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A Titanosaur (Sauropoda) from the Gorro Frigio Fm. (Aptian, Lower Cretaceous), Chubut Province, Argentina
Jornada; XVII Jornadas Argentinas de Paleontologia de Vertebrados; 2001
Institución organizadora:
Asociacion Paleontologica Argentina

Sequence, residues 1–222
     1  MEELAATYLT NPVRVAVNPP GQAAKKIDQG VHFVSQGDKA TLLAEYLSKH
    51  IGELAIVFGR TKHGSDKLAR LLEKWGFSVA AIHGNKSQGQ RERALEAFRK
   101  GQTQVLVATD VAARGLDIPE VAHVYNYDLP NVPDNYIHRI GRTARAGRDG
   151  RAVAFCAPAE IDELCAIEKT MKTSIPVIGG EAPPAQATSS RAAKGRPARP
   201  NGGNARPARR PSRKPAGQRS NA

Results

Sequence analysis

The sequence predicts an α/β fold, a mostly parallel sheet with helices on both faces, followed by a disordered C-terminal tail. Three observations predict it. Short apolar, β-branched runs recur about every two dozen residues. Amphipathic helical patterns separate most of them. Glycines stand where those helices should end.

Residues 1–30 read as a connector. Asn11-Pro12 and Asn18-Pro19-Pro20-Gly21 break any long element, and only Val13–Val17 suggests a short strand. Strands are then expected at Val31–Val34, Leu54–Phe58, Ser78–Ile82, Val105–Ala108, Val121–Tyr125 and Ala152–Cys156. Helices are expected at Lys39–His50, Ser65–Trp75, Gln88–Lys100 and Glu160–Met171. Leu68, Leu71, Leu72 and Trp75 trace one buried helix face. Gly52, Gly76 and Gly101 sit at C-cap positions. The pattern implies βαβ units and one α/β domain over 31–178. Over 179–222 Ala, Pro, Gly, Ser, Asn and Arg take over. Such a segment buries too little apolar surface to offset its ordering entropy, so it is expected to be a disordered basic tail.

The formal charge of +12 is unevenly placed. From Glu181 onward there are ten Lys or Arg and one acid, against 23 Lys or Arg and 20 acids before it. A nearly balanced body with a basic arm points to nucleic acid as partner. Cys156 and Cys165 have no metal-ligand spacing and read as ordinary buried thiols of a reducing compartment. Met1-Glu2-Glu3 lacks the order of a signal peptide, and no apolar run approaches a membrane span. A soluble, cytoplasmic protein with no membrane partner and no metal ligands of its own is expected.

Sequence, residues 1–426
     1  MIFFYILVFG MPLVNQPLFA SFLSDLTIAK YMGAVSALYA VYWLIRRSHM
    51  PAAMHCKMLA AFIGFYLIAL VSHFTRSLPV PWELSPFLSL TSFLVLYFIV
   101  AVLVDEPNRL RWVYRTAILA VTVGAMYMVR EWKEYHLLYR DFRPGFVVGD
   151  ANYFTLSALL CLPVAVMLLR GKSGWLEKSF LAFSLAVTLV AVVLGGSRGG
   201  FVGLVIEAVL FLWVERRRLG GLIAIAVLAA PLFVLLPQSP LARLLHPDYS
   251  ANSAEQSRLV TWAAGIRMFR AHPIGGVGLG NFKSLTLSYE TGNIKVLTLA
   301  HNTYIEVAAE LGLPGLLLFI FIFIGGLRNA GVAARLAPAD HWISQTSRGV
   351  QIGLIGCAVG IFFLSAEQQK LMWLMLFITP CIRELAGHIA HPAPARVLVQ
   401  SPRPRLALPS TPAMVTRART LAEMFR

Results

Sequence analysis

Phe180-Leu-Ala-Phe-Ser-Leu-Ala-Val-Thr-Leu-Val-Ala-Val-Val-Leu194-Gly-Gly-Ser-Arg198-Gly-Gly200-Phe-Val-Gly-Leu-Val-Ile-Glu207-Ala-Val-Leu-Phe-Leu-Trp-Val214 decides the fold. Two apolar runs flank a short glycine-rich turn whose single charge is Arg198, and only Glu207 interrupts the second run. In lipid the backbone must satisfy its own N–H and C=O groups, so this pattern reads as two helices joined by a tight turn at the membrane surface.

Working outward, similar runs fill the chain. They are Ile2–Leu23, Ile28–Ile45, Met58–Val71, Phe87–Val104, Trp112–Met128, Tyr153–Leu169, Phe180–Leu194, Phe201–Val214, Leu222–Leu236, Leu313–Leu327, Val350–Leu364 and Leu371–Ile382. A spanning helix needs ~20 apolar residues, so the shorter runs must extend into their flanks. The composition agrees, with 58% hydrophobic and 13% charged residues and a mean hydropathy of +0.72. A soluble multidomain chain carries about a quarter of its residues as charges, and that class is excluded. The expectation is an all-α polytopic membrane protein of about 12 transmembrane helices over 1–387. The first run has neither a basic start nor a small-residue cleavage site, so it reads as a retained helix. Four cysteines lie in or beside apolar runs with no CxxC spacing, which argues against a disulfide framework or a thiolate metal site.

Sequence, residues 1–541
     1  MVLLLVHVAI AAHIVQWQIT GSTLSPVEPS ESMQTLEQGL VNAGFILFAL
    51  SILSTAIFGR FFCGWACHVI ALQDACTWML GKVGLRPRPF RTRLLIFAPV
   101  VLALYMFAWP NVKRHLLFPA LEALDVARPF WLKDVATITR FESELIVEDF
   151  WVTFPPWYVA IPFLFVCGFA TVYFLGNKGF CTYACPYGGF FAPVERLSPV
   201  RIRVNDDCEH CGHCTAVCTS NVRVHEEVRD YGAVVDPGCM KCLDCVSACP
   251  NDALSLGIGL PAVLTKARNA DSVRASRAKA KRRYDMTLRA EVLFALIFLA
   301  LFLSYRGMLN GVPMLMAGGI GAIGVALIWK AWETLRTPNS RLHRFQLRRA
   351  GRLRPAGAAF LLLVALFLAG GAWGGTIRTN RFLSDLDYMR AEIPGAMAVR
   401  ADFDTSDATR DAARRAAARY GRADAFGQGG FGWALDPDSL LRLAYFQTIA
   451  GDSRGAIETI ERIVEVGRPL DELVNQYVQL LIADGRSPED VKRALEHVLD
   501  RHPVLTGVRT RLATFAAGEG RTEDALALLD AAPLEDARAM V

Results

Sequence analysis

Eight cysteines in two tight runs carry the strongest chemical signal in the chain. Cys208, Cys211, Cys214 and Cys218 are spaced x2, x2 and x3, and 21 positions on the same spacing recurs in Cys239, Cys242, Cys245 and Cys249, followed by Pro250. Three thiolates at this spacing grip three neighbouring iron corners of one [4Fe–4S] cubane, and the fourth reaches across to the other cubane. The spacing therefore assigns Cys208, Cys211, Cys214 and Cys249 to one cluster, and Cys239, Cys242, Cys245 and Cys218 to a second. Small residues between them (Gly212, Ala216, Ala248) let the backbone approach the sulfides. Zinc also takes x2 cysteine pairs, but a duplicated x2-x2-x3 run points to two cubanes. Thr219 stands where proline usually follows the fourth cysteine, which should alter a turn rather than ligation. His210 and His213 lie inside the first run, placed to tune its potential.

The recognition of Titanosauriformes Salgado, Coria and Calvo, 1997 (Brachiosaurus, Saltasaurus, their most recent common ancestor and all descendants) gave new importance to the under represented South American Aptian taxa (e.g. Chubutisaurus). From the Cerro Barcino Formation, Bayo Overo Member, Chubut Province, an ‘E.Feruglio’ museum team discovered two series of three dorsal vertebrae each, a neural arch with attached rib, and a scapulocoracoid of a big titanosauriform. All dorsal centra are strongly opisthocoelous, as in Salgado et al.’s(1997) Camarasauromorpha, Upchurch’s(1999) Brachiosauria and Sanz’s(1999) node 2. Hyposphene-hypanthrum articulations are evident (although broken). Acuminate pleurocoels defines Upchurch’s(1999) Titanosauroidea and Salgado et al.’s(1997) Titanosauria, together with centroparapophyseal laminae and ventrally forked infradiapophyseal laminae. Short, unforked and flattened neural spines diagnoses Sereno & Wilson’s(1998) Macronaria. Althought prespinal laminae were not clearly preserved, postspinal laminae suggest their presence, allowing its inclusion in Salgado et al’s(1997) Titanosauriformes and Upchurch’s ‘N’ node. The large scapulo-coracoid has an ‘step-shaped’ and  posterodorsally directed articulation. The narrow blade  resembles BYU 9462 asigned by Curtice(1996) to Brachiosaurus sp. The posteroventral border is curved and the antero-dorsal is half straight. The transverse section is flat, unlike the externally convexe T-shape of Chubutisaurus. The coracoid is titanosaurian-shaped. Upchurch’s(1999) Titanosauridae or ‘P’ node is not defined by dorsal vertebrae features, but Salgado et al.’s(1997) Titanosauridae is diagnosed by the absence of hyposphene-hypanthrum, present in the new taxa. Although preliminary, the present evidence shows a non-Titanosauridae titanosaurian condition, closer to Andesaurus than to Chubutisaurus, thus probably confirming  the first argentinian Aptian titanosaurian.